Is this a missional post? Maybe not. However, the Old Testament law states that the people of Israel are to express active care for strangers and aliens among them. Since I am a stranger/alien of sorts in the Philippines, I can see how important this can be. But we don’t always know how to do this. One time I was attending a church in the US that a Filipino family started attending. I noticed that after church, everyone except my family completely ignored them. I brought this up at a men’s meeting… the fact that we should make a better effort to make them feel welcome. The response I got was both positive and confusing. The pastor said that maybe I and my wife Celia (who is from the Philippines) could help the church know how to talk to this Filipino family. While this was positive in a sense, I was struck by how weird the request was. You talk to the Filipino family like you would talk to an American family. There is no need to by a book on “How to be friendly to Filipinos.” Just Be Friendly.

In the US, I see so many who are angry at foreigners, strangers, aliens. There is anger that they are “taking away our jobs,” “sneaking into our country,” and in other ways being a nuisance. Not only do I not see the church immune to this, I see many churches being a greenhouse– nurturing such anger.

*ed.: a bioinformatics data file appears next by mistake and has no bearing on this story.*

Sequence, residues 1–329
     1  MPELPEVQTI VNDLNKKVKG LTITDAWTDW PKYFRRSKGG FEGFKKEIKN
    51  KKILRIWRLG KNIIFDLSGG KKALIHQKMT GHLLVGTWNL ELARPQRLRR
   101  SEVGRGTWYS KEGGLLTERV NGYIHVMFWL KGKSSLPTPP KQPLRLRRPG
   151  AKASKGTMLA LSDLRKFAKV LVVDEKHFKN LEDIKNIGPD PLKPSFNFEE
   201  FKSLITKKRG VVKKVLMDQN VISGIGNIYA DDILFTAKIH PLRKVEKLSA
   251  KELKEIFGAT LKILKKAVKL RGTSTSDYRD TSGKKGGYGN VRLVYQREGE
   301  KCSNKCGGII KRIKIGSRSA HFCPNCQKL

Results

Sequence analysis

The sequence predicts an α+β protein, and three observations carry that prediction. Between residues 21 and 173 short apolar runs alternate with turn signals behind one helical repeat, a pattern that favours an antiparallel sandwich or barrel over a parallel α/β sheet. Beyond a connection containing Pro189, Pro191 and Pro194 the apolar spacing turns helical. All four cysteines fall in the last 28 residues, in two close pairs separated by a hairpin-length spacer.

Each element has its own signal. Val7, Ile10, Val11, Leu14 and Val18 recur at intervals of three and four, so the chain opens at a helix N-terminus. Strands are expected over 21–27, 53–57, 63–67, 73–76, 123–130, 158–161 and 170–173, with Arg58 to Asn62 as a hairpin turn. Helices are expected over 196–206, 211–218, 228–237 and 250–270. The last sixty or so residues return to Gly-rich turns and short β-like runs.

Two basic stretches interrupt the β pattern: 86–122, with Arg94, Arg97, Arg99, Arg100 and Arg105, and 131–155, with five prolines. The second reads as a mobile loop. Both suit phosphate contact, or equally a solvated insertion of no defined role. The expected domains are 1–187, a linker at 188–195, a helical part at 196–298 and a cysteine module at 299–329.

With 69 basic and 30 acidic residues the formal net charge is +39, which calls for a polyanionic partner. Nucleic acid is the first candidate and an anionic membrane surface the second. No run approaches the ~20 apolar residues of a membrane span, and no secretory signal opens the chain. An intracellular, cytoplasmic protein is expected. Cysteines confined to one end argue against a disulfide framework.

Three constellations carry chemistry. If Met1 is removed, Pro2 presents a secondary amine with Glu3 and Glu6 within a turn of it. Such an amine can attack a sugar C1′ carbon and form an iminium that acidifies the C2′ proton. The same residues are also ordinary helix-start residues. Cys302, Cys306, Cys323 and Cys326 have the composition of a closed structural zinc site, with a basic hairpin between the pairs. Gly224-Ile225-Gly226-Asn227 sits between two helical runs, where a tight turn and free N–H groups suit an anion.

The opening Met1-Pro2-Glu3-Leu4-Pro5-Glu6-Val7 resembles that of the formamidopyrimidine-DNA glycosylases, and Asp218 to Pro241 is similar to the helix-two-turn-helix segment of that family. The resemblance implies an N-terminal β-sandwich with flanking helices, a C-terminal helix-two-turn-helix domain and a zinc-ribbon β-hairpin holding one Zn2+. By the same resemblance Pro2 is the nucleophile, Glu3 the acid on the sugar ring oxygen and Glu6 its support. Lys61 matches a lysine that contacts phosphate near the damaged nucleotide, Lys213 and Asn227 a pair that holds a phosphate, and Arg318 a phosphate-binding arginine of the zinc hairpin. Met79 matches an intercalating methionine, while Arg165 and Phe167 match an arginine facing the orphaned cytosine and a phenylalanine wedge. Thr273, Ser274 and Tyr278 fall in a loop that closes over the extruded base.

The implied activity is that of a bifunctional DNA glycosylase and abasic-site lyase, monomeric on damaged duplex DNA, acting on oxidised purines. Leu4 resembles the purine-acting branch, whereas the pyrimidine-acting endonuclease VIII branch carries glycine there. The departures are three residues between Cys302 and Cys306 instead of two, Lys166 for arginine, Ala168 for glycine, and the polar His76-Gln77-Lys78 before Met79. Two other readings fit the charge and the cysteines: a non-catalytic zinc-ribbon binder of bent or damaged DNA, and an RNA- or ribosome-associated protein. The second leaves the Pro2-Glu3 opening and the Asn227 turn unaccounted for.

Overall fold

In Baguio, there is animosity from many Christians here that many Muslims are moving here from Southern Philippines (trying to get away from the violence, poverty, and corruption there). Yet what an opportunity to express God’s love to strangers and aliens.

What is the summation of this rambling post?  I would suggest that part of the problem the church has with expressing love to enemies, strangers, aliens (those outside of the church), is that we haven’t really learned to love our own friends in the church. All of the clever evangelistic strategies developed cannot overcome such a problem. Maybe we need to learn how to “Love our Friends” and “Love our Neighbors” so that we can learn to “Love our Enemies,” and “Love Strangers and Aliens.” If we did this, I believe we wouldn’t need gimmicks to lure people into church.